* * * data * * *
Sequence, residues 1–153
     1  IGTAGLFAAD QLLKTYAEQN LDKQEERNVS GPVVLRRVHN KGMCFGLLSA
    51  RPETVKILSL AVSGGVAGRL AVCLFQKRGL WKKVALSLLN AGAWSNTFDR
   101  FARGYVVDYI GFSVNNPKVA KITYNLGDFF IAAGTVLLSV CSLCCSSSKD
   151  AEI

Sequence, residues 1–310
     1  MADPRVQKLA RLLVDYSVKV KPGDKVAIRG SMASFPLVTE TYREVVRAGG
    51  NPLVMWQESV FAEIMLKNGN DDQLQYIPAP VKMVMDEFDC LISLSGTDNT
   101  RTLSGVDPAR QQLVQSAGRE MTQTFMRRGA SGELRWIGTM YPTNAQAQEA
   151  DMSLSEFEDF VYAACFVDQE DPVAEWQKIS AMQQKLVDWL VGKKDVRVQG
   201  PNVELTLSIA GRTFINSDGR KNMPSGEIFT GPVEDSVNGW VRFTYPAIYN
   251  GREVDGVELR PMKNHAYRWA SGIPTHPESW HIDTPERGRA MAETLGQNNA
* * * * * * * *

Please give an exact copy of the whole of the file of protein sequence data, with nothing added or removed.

Sequence, residues 1–153
     1  IGTAGLFAAD QLLKTYAEQN LDKQEERNVS GPVVLRRVHN KGMCFGLLSA
    51  RPETVKILSL AVSGGVAGRL AVCLFQKRGL WKKVALSLLN AGAWSNTFDR
   101  FARGYVVDYI GFSVNNPKVA KITYNLGDFF IAAGTVLLSV CSLCCSSSKD
   151  AEI

Sequence, residues 1–310
     1  MADPRVQKLA RLLVDYSVKV KPGDKVAIRG SMASFPLVTE TYREVVRAGG
    51  NPLVMWQESV FAEIMLKNGN DDQLQYIPAP VKMVMDEFDC LISLSGTDNT
   101  RTLSGVDPAR QQLVQSAGRE MTQTFMRRGA SGELRWIGTM YPTNAQAQEA
   151  DMSLSEFEDF VYAACFVDQE DPVAEWQKIS AMQQKLVDWL VGKKDVRVQG
   201  PNVELTLSIA GRTFINSDGR KNMPSGEIFT GPVEDSVNGW VRFTYPAIYN
   251  GREVDGVELR PMKNHAYRWA SGIPTHPESW HIDTPERGRA MAETLGQNNA